• Examining “existing financial assurances structure to determine what amendments will be required to properly manage the change in the state’s risk profile due to the sale.”

• Conducting a “thorough in-house financial analysis of several years of (Hilcorp’s) financial information.”

• Examining the deal to understand both companies’ future obligations to the state.

“Rest assured, DNR takes its responsibilities for regulatory oversight and protection of the state’s interests very seriously," Feige wrote. “DNR is focused squarely on conducting a full suite of analyses to ensure that the state’s interests are protected.”

[Hilcorp sale will cost state $30 million annually in lost revenue, former tax officials say]


The letter listed five state agencies, in addition to DNR and Law, that must review portions of the transaction.

The Department of Revenue will consider tax implications. The Alaska Oil and Gas Conservation Commission will review bonding details and transfer of well assets. The Department of Environmental Conservation will oversee oil spill plans and financial requirements.

The Regulatory Commission of Alaska is reviewing the proposed pipeline transfer.

Some Alaskans have expressed concern that the RCA is the only agency required to solicit public comments. The RCA’s comment period is set to end Friday, though many people are asking for more time. Hilcorp has asked the RCA to keep recent years’ financial records confidential, leading to questions from some about the company’s ability to handle a major accident.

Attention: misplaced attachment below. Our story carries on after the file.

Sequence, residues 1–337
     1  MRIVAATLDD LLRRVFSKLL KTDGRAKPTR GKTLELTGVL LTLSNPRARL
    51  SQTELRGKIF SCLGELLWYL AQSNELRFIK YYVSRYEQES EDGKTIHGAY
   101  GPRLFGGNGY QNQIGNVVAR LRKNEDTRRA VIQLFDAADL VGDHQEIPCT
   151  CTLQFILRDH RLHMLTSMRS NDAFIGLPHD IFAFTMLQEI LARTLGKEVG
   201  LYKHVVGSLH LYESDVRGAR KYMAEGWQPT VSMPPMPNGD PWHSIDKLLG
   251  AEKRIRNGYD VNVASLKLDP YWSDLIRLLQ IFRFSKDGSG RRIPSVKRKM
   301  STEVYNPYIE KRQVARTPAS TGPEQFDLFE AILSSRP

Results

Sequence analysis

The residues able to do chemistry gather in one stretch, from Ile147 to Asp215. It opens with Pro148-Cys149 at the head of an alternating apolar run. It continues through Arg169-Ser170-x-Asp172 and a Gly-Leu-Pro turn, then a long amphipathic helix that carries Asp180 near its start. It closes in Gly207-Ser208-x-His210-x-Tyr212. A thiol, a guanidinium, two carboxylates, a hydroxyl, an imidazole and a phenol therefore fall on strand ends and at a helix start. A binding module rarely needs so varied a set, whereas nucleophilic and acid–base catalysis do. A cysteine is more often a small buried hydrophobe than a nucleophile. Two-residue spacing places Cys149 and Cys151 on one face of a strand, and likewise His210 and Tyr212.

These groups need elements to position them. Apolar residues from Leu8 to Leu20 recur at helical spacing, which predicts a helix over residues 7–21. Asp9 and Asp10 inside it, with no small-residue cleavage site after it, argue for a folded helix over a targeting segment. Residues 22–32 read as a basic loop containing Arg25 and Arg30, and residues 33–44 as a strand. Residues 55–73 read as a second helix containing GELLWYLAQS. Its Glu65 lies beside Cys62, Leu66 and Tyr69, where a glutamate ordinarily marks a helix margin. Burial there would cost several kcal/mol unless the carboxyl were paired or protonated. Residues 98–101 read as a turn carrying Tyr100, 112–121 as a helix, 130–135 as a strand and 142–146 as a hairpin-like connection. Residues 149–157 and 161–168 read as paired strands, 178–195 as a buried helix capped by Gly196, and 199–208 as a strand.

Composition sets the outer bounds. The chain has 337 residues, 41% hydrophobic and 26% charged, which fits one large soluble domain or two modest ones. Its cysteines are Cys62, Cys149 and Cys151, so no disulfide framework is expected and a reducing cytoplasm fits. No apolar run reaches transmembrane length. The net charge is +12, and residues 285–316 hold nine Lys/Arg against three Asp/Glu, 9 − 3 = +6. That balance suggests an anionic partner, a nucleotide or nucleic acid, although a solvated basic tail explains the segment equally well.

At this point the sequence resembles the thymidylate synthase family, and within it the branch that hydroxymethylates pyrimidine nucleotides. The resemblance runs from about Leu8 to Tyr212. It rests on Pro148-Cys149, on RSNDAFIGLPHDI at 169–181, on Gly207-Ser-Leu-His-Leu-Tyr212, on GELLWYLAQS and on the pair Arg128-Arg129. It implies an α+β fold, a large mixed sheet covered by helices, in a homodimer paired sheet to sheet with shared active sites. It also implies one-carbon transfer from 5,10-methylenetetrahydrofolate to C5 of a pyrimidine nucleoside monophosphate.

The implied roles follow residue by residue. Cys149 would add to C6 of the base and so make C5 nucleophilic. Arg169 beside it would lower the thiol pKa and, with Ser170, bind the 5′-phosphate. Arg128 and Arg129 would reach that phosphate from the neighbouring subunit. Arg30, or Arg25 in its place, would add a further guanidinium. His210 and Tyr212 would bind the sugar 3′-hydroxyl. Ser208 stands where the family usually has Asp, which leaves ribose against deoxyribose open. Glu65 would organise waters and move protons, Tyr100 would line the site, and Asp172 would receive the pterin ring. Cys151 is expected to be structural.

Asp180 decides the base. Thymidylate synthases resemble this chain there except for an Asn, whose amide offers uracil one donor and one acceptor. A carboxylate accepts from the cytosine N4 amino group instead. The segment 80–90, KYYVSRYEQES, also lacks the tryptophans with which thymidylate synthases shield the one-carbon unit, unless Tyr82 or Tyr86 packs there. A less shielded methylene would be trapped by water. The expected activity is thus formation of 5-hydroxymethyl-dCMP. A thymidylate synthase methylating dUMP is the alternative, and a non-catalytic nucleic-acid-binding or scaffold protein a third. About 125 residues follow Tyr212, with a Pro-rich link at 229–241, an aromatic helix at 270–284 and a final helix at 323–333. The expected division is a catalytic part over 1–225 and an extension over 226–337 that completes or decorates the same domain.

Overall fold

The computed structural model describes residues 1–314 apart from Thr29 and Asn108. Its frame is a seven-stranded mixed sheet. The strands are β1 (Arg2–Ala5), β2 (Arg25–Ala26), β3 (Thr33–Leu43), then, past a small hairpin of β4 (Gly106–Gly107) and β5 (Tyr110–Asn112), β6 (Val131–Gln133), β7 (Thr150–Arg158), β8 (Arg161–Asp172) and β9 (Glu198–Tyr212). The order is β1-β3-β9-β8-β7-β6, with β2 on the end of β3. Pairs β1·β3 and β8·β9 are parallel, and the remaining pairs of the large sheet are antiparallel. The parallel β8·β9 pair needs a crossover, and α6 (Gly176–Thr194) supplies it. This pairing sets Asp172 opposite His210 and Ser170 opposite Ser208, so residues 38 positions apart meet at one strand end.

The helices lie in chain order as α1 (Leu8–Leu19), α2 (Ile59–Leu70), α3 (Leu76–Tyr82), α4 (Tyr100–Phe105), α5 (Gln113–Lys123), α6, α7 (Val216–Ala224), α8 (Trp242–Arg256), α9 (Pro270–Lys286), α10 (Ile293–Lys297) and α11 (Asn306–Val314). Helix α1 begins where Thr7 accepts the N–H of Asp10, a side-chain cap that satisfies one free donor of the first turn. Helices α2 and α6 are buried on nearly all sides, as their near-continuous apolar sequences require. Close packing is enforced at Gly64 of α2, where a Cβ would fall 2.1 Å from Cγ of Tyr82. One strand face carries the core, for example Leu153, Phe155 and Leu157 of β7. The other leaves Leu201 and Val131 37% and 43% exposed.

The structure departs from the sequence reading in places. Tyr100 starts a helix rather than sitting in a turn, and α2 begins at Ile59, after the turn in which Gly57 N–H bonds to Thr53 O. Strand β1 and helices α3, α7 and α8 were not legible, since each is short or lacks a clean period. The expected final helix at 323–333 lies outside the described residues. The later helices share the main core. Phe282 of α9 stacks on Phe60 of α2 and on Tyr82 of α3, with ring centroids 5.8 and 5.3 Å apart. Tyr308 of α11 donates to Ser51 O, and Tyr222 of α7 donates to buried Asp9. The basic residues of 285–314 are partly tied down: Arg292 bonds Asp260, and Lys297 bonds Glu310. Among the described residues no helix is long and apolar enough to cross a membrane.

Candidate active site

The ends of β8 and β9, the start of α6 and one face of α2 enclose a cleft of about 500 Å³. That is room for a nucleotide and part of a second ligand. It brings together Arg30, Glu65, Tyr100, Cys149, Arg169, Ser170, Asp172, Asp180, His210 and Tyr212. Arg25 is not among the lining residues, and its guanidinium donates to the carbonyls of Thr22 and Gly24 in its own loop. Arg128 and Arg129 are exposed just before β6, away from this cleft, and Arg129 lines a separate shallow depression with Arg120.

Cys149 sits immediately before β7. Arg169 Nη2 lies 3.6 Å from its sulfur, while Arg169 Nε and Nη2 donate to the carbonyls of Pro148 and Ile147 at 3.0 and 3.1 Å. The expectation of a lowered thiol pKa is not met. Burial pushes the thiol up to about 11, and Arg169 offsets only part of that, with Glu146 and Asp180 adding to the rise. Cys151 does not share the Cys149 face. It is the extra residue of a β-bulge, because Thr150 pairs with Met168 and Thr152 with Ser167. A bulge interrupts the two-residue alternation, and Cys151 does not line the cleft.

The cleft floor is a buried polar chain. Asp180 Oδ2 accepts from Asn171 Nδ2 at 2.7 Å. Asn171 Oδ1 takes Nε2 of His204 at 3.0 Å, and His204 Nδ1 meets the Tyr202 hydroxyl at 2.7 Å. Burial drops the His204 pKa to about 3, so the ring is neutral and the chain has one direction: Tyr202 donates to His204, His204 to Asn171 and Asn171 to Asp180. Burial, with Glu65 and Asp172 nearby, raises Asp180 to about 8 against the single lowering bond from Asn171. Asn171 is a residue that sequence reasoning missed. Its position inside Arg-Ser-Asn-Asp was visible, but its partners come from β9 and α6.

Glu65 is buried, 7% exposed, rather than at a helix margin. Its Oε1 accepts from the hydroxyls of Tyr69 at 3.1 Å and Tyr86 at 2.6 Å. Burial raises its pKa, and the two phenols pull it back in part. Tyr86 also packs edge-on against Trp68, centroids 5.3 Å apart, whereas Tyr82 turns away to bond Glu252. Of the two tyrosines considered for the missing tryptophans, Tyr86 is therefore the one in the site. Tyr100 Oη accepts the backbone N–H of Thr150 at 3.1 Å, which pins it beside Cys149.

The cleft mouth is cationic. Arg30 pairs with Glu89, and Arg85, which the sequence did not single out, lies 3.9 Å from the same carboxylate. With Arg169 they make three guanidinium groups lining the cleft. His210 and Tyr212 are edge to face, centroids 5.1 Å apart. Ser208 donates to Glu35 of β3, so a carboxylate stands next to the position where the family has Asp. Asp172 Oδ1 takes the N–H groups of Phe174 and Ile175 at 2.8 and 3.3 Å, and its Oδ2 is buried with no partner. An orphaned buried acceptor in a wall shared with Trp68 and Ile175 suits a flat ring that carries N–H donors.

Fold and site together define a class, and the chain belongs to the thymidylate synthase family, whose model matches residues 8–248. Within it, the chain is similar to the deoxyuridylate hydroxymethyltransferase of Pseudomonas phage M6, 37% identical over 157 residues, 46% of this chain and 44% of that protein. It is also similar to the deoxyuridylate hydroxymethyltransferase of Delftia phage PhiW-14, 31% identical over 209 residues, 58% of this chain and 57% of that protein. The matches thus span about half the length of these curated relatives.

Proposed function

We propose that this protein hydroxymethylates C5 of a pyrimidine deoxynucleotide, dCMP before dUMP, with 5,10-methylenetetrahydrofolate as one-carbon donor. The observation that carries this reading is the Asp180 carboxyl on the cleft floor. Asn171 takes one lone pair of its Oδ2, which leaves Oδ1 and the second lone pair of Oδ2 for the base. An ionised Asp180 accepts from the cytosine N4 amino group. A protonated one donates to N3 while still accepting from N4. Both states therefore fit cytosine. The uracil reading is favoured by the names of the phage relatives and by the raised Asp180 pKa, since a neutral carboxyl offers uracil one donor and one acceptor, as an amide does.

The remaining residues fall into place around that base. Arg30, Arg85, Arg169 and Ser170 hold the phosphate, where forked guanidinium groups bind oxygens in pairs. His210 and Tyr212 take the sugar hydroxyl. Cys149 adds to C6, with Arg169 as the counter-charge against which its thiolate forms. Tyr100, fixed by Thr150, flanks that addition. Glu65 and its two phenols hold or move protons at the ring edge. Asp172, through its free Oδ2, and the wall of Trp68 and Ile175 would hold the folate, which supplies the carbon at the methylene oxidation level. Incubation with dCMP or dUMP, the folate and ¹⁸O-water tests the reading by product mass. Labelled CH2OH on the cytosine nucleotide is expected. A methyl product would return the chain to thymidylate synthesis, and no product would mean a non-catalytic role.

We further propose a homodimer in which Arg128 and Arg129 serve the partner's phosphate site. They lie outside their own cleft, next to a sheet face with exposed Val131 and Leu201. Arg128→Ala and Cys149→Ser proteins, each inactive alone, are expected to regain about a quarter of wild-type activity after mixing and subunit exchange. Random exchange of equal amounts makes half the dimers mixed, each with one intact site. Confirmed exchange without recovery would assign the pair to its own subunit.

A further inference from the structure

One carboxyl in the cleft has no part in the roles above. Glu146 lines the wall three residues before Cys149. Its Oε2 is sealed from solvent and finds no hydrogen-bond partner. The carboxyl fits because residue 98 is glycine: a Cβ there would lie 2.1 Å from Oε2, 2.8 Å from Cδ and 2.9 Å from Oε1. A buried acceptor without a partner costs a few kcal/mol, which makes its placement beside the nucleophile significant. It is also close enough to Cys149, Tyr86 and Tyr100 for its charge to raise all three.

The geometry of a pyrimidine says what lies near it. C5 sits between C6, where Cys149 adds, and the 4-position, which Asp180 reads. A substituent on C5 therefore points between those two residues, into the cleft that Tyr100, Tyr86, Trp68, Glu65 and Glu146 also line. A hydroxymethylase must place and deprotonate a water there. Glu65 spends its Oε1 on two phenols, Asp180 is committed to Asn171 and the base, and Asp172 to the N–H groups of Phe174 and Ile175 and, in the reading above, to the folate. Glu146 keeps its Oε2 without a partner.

Hilcorp, privately owned and based in Houston, Texas, began working in Alaska eight years ago. It revived oil and gas production in the small Cook Inlet basin, and took stakes in some North Slope fields in 2014.

Lincoln, an independent representative from Kotzebue, said Wednesday that he hopes to hold two informational hearings about the transaction before the Legislature. One goal is gathering details about the regulatory process from the Dunleavy administration.

“I would expect there to be public comment during one of those,” Lincoln said.

He aims to hold one hearing before the Legislature convenes in January.


[How experts say BP and Hilcorp’s blockbuster deal in Alaska could help them both]

Coghill, a Republican senator from North Pole, said he’s working with Lincoln and others to help organize the legislative hearings. No dates have been set yet.

The Legislature isn’t required to approve or reject the deal, but it has an important role in getting answers and providing information, Coghill said.

He believes the sale is good for Alaska. But the Legislature needs assurances that Hilcorp is financially able to handle BP’s role and respond to any potential problems, he said.

“I expect Hilcorp would be a good partner," Coghill said. “But they are stepping into a whole new category, and as Alaskans, we want to be assured of their ability to properly jump into that role, and that this will be good for us.”

Alex DeMarban

Alex DeMarban is a longtime Alaska journalist who covers business, the oil and gas industries and general assignments. Reach him at 907-257-4317 or